Laminated soda lime is often inserted between two or more layers of glass to increase their strength and bind the layers. This material and technique is commonly used in the automotive and architectural industries.

Oxide Glasses

The most widely used oxide glasses contain silica. There are few commercial uses for oxide glasses that are not based on silica. Here’s an overview of silica-based oxide glasses commonly used across major industries:

  • Vitreous Silica: Glass that contains only silica is called vitreous silica or silica glass. The material is best suited for applications requiring high thermal shock resistance, high service temperature, low electrical conductivity, good UV transparency, and chemical durability.
  • Soda-Lime Silicate: This glass contains soda (sodium oxide) and lime (calcium oxide). The material offers good durability and low cost and is often used to produce containers, light bulbs, and windows.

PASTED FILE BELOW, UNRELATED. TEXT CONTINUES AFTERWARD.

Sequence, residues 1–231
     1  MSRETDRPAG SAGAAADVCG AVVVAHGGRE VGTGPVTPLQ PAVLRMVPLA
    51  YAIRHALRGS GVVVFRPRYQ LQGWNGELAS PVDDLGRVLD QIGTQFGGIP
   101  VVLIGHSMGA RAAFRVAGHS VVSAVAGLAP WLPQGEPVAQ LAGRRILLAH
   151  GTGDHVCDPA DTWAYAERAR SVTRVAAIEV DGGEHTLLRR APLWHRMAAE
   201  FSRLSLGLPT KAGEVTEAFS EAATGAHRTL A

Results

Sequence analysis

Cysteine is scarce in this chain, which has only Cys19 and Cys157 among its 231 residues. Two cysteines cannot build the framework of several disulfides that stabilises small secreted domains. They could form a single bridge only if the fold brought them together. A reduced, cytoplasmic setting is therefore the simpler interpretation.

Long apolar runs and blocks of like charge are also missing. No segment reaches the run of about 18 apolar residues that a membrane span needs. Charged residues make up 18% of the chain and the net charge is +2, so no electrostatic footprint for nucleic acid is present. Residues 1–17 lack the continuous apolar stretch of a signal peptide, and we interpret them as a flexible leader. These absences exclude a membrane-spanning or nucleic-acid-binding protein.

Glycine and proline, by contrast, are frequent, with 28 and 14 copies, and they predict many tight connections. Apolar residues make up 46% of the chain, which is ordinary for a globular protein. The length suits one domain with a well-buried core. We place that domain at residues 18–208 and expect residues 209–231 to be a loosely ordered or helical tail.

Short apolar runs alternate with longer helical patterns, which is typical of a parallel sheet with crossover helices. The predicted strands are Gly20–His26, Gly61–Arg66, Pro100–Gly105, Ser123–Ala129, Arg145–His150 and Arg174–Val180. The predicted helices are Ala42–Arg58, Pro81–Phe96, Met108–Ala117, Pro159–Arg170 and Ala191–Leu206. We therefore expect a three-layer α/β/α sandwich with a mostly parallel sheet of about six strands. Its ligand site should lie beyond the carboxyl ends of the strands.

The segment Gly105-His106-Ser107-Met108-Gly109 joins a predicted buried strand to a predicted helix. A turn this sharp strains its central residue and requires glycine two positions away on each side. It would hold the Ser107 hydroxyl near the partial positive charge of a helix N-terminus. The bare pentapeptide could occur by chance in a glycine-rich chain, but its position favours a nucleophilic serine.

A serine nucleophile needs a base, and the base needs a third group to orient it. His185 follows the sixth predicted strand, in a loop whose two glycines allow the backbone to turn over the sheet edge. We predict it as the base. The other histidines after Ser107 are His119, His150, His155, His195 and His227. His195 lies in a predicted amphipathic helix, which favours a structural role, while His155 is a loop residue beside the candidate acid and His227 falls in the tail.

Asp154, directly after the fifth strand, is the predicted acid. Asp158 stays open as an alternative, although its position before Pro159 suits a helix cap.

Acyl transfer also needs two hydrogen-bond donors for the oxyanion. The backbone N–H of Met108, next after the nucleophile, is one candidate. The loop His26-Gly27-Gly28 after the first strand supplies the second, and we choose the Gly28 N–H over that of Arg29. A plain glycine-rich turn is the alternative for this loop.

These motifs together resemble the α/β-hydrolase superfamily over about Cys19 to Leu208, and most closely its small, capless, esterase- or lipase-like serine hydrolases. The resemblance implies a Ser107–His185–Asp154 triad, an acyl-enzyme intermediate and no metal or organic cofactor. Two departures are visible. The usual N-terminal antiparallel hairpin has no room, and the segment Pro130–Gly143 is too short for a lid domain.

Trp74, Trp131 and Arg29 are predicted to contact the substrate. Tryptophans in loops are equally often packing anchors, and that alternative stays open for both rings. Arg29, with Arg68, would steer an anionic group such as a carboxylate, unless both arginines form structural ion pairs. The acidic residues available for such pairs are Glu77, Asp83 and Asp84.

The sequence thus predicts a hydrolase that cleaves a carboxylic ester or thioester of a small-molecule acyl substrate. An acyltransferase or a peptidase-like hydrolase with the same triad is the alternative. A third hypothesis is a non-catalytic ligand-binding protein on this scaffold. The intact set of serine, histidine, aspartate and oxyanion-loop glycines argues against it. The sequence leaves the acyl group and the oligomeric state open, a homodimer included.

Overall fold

• Sodium Borosilicate: The material contains approximately 80% of silica and small amounts of soda and alumina. Applications include automobile headlamps and chemical glassware.
  • Lead-Alkali Silicate: This glass consists of 50-60% silica and is often used to make glass solders.
  • Aluminosilicate: The silica-based glass falls between soda-lime-silica glasses and vitreous silica in terms of cost and thermal properties. Applications include glass halogen lamps, eyeglasses, and fiber-reinforced plastics.
  • Optical ("Crown"): This optical glass material contains almost 70% silica and 10% soda.

Non-Oxide Glasses

  • Heavy-Metal Fluoride Glasses (HMFGs): The material features low optical losses, making it a good solution for telecommunications fibers. However, the material has poor chemical durability and can be difficult to form.
  • Glassy Metals: Formed by quickly quenching fluid metals, glassy metals contain phosphorous, nickel, Metglas™, and iron. Applications include power transformers and flexible magnetic shielding.
  • Semiconducting Solids: The noncrystalline, non-oxide substance is made by melting together a chalcogen element, a group IV (germanium) element, and a group V (antimony, arsenic) element. Also called chalcogenides, semiconducting solids are used in xerograph and memory and threshold switching devices.